"After SI, and as we wrap up NA Pro League Season XI with the Brazilian finals in Sao Paulo, we will be focused on pushing NA teams to excel by transitioning to an offline LAN system for all of our future U.S. division matches in North America," Che Chou, the senior director of esports at Ubisoft, told ESPN. "I truly believe this will have a huge positive impact on teams becoming accustomed to playing with all of the pressures and dynamics of playing offline at LAN events like R6 Majors and the SI."
The Siege scene is set up for success in 2020 and for years to come with the LAN system and the increase of prize pools. A tactical shooter, framed around the beauty of what makes Counter-Strike great along with specific classes and preparation phases, which gives the game a chess-like feel, Siege has had a steady growth since its release in December 2015.
On Sunday, Siege put on one of the best esports world championship grand finals in recent memory and laid out a future roadmap that points to only more resources allocated to the scene as a whole. With the beginning of offline domestic competition following its fourth world championship, it feels like the right time for the game to take its next step.
Unlike other game companies that have pulled the trigger too fast or went all-in too early trying to make the most revenue possible, the timing for Siege to grow its domestic leagues and possibly invest in new regions feels right. Ubisoft has created a loyal, diehard fan base across multiple regions and has established Siege as one of the more international-friendly esports in the world today. Fans from Tokyo to Rio de Janeiro annually converge on Montreal to enjoy what has become the pinnacle of the game they love in the backyard of the company that created it.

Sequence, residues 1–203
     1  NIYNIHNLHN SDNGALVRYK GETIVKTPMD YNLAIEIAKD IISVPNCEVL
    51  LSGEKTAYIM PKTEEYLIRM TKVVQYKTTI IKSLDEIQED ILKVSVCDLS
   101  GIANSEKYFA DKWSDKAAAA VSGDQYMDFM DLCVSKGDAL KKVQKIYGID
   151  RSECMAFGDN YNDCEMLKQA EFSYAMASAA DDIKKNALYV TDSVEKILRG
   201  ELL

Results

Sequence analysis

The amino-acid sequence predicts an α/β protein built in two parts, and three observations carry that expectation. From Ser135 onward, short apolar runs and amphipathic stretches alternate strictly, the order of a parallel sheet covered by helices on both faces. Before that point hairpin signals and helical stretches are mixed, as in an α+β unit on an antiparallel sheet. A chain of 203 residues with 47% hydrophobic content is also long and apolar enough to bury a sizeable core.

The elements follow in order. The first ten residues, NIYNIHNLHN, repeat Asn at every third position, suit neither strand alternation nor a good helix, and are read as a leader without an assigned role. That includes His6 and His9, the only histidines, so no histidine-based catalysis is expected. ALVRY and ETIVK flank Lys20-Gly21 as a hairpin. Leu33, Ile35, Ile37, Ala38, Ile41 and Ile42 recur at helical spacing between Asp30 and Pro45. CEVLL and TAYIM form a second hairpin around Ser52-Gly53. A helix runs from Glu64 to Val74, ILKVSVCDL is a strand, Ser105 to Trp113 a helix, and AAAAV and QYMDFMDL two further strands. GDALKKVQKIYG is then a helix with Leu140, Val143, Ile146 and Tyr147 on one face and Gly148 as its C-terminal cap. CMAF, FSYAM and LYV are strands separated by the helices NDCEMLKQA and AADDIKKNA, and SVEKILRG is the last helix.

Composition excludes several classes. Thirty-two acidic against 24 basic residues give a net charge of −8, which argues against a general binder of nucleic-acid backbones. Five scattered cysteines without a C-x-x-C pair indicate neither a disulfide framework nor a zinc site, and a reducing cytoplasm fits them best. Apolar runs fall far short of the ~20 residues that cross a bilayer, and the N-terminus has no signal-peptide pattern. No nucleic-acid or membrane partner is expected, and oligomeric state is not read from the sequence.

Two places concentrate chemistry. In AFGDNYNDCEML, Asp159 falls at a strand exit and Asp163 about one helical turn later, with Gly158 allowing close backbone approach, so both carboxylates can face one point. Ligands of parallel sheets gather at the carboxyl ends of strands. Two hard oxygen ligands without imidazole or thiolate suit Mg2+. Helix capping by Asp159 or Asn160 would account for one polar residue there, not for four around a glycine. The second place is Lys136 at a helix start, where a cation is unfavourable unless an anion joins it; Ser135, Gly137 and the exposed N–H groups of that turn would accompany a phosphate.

Congratulations, Rainbow Six Siege, you won the weekend in esports. And just like Spacestation Gaming, the sky's the limit.
-- Tyler Erzberger
Read more: After conquering Europe, G2 Esports is coming to America.
Honorable Mention: Misfits Gaming (League of Legends)